The Nitrogen cycle is a beautifully complex part of our natural world that has direct impacts on the productivity of the oceans, and by extension, the amount of carbon in the Atmosphere. It has been suggested that if the N cycle were to break down the amount of global CO2 would increase by nearly 50% (Gruber 2008).
Because of the importance of the N cycle we are going to spend some time looking at it in detail in class. It is important to note that although N is the most common element in the atmosphere (N2 making up ~78% of air) it is largely biologically unavailable. Plants are literally bathing in fertilizer but it is inaccessible to them until the process of Nitrogen fixation. This process, carried out by a polyphyletic assemblage of microbial species, splits gaseous N2 into biologically available N molecules.
This N is usually available in Ammonium NH4+ or Nitrate NO3-. From these forms N can be used by a variety of phytoplankton, which in turn, are used by zooplankton and bacteria. Nitrogen tends to bounce around among these forms and is highly sought after. But remember, because the phytoplankton are photosynthetic this can only take place in the photic zone. Once the biologically available N sinks below the photic zone (in the form of Dissolved or Particulate Organic Material) it becomes sequestered from the phytoplankton. This is why deeper waters tend to be nutrient rich and why upwelling areas tend to be productive.
To complete the N cycle gaseous N2 must be returned to the atmosphere. This takes place through two microbial processes Denitrification and Anammox. In addition to completing the N cycle these process are important in reducing nutrient loads in eutrophic coastal waters (Smith et al. 2015)
To gain a better understanding of N flux we carried out a (very) active learning module in class today: We start with labeling ping pong balls as Nitrogen
First I taped two balls together to represent N2 gas. Then we N-4 students stand in a circle, with three students in the middle and one with a bag of N2 gas ping pong balls. The student with the bag splits the ping pong balls apart and throws them at the students in the circle. The students in the circle represent phytoplankton, zooplankton and bacteria and catch the balls, quickly passing them to other students in the circle. The students in the middle catch the fallen balls and tape them back together, handing them to the student with the N2 bag.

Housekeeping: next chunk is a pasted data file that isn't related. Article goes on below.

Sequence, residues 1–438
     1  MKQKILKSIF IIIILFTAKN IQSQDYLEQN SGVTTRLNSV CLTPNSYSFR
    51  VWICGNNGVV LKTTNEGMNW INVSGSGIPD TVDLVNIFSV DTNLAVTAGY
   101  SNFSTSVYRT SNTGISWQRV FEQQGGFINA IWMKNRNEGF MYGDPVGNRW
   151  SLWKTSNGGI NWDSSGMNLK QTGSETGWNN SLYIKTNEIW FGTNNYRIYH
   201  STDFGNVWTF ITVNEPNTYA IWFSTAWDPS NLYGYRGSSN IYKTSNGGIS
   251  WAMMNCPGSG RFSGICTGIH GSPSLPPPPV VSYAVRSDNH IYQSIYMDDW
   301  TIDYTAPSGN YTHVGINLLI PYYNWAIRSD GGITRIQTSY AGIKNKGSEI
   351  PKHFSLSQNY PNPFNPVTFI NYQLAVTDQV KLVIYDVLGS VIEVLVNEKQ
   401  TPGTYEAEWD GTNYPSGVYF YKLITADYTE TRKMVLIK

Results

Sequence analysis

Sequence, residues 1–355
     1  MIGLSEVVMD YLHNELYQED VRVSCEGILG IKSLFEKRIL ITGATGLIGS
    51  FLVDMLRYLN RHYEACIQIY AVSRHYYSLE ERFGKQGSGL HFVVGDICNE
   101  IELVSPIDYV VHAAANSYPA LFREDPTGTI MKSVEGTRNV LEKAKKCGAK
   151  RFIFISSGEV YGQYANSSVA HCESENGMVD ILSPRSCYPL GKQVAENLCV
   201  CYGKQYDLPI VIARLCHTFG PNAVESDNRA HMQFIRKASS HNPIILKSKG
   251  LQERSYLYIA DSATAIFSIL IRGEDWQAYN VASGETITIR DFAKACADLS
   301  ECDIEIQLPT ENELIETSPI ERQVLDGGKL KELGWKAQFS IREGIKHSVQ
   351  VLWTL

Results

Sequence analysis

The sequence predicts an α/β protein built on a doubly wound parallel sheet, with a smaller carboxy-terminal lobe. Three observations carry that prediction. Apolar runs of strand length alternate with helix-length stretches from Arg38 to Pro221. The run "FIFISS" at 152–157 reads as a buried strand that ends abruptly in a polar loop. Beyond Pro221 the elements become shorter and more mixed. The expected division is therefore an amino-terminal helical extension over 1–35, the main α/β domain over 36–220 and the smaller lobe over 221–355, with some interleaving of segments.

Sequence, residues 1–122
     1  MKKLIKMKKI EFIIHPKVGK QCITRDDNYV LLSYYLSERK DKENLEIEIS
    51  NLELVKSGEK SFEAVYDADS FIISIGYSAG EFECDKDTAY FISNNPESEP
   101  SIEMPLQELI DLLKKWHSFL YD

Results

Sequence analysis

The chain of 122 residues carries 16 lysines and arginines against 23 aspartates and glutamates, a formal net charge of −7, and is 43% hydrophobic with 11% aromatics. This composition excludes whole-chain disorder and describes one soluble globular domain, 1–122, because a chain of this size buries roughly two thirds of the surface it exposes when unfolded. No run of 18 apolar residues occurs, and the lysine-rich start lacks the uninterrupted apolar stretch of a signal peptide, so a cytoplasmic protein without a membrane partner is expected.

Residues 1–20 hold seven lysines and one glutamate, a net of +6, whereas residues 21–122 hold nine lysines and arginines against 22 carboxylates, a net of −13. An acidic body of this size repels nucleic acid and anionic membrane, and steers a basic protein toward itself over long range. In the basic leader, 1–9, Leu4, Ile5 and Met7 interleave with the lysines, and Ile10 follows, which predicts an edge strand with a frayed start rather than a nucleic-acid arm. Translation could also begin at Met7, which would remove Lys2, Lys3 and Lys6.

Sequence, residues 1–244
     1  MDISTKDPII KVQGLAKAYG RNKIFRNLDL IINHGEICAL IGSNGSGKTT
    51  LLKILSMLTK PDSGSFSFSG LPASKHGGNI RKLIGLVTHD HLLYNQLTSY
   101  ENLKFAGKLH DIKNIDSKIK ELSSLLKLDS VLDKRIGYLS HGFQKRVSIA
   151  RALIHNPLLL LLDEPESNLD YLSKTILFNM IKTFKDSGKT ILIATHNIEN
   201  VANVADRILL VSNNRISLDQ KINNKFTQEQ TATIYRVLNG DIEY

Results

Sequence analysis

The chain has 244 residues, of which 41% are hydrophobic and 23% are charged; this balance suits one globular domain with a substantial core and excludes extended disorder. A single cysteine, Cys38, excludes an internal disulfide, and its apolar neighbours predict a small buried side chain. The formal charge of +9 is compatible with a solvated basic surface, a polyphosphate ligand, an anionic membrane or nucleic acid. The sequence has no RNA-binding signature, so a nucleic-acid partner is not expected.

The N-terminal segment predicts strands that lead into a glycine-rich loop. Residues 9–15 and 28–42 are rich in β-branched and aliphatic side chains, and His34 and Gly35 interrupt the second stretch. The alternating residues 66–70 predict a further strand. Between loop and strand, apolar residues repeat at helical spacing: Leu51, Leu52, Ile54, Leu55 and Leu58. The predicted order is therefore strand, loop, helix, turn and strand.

Questions for students:
1) What did the person playing the N fixing bacteria do?
2) How did we model the flow of N among phytoplankton, zooplankton and bacteria?
3) What did the balls falling to the floor represent?
4) The various forms of N differ in their residency time in the water column. NO3– gets turned over in the water column every 400 years, while NH4+ gets turned over every two weeks. Which form of these forms of N do you think is most biologically preferred? Why?
One of the predicted impacts of climate change is a increased stratification of the ocean (Wang et al. 2015). With this decreased mixing of waters…
5) What do you predict will happen to phytoplankton populations and what impacts will that have to water chemistry/nutrient availability?
6) If the upper layer of warm water grows thicker, what do you think will happen to the productivity of coastal upwelling?
One controversial approach to ameliorating climate change is ocean fertilization where large quantities of reaction limiting elements (N, P, Fe) are dumped into the open ocean to stimulate phytoplankton blooms.
7) Critique the science behind this and talk about whether you think this is a viable climate change mitigation scheme. Why or why not and use two peer-reviewed sources to help support your arguments.
8) Lastly, given that in winter large storms break down stratification and create a more well mixed ocean, while in summer warm temperatures help increase stratification, graph out how populations of phytoplankton, nutrients and the thermocline vary over one year in the high latitude northwest Atlantic (say in Halifax, NS).
9) For each season describe what is the most limiting resource.
Gruber, Nicolas. “The marine nitrogen cycle: overview and challenges.” Nitrogen in the marine environment (2008): 1-50.
Smith, Richard L., et al. “Role of Anaerobic ammonium oxidation (anammox) in nitrogen removal from a freshwater aquifer.” Environmental Science & Technology 49.20 (2015): 12169-12177.
Wang, Daiwei, et al. “Intensification and spatial homogenization of coastal upwelling under climate change.” Nature 518.7539 (2015): 390-394.